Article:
Oral estrogen-only use riskier than patch or vaginal cream for menopausal women, study says

(CNN) — People who use estrogen-only pills during menopause were more likely to be diagnosed with high blood pressure than those using patches or creams, a new study found. However, doctors who treat menopause say estrogen-only pills are rarely prescribed for high-risk patients, and the overall benefits of hormone replacement therapy far outweigh the risks for many patients.

Hormone replacement therapy, or HRT, can be given as estrogen only, progesterone only or estrogen plus progesterone to combat symptoms of menopause such as hot flashes, chills, night sweats, sleep problems, mood changes and vaginal dryness and pain during sex. Most of the time, the dual formation uses progestin, a synthetic version of progesterone.

People taking estrogen-only pills during menopause were 14% more likely to be diagnosed with high blood pressure than those using estrogen-only patches, the study found. When compared to people using estrogen-only vaginal creams or suppositories, those taking the hormone orally were 19% more likely to diagnosed with hypertension.

“This is the biggest study that’s only looked at women who are only taking estrogen and have never taken a progestin as HRT,” said senior study author Dr. Sofia Ahmed, a professor at the Cumming School of Medicine at the University of Calgary, Canada.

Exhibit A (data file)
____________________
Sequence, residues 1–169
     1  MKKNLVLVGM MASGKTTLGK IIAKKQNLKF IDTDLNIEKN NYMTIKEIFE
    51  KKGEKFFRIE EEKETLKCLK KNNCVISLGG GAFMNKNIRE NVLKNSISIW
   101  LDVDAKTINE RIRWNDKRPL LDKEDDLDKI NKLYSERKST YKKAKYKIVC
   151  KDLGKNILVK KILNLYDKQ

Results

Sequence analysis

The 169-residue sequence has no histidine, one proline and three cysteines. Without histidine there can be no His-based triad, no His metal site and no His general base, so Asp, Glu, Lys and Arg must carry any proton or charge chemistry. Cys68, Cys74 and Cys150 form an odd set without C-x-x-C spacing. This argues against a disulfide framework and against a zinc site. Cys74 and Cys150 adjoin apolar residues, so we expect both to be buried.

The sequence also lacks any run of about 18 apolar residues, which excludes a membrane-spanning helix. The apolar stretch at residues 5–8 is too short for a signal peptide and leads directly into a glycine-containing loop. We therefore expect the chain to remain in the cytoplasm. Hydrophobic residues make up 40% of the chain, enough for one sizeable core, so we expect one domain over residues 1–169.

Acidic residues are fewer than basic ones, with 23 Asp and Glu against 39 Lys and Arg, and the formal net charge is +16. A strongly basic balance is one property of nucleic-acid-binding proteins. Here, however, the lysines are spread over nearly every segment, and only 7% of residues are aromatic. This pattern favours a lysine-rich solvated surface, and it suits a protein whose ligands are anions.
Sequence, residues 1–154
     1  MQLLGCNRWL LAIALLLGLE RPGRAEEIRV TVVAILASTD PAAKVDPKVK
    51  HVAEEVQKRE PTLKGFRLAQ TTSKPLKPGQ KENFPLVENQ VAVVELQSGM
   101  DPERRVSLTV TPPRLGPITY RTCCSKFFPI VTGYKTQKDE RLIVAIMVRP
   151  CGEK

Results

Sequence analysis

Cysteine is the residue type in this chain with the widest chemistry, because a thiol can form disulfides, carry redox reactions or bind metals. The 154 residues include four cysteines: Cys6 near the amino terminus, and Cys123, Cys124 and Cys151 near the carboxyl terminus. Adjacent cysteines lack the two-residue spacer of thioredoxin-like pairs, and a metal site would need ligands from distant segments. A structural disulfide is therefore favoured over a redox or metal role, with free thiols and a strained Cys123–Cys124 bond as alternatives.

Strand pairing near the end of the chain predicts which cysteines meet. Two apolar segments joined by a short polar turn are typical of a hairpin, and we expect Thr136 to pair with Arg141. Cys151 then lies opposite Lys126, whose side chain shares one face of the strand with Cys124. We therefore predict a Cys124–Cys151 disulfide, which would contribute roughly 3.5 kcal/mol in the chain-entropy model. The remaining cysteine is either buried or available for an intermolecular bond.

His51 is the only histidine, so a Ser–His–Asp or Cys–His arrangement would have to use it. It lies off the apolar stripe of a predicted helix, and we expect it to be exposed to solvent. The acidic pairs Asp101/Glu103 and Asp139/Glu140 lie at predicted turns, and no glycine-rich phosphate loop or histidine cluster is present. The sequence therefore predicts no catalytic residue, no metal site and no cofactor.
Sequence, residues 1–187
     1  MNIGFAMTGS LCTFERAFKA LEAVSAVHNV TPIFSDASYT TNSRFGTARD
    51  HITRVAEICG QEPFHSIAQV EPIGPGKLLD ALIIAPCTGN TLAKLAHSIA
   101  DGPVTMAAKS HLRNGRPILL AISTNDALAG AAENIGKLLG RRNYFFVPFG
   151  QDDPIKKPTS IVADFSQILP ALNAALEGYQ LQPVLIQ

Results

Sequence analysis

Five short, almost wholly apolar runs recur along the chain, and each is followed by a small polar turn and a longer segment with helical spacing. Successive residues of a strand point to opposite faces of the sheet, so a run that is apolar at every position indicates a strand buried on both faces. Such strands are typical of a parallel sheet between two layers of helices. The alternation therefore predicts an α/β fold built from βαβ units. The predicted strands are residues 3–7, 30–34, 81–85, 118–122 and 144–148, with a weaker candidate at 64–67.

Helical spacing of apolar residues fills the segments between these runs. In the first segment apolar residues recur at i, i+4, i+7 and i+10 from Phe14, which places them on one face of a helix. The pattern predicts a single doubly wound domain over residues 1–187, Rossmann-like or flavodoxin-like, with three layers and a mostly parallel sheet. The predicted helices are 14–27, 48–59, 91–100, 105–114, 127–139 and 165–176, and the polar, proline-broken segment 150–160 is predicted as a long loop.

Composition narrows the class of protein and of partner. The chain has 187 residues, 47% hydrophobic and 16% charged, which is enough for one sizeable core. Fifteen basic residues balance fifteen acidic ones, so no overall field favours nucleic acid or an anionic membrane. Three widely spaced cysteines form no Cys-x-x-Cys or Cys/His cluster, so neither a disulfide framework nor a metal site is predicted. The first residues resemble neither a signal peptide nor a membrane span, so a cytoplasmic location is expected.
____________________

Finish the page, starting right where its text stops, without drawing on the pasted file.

When taken as a pill, estrogen is predominately metabolized in the liver, where the hormone is turned inactive and then passes from the body via urine and feces. When applied as a patch on the skin, estrogen enters the blood stream and bypasses the liver, while vaginal creams and suppositories are absorbed locally.

Still, it’s all estrogen, so why would taking it orally make a difference?

Physicians who treat menopause “almost never use oral estrogen anymore because it goes through the liver and increases blood clot proteins and triglycerides and is associated with slight increases in blood pressure,” said Dr. Stephanie Faubion, director of the Mayo Clinic’s Center for Women’s Health in Jacksonville, Florida, who was not involved in the study.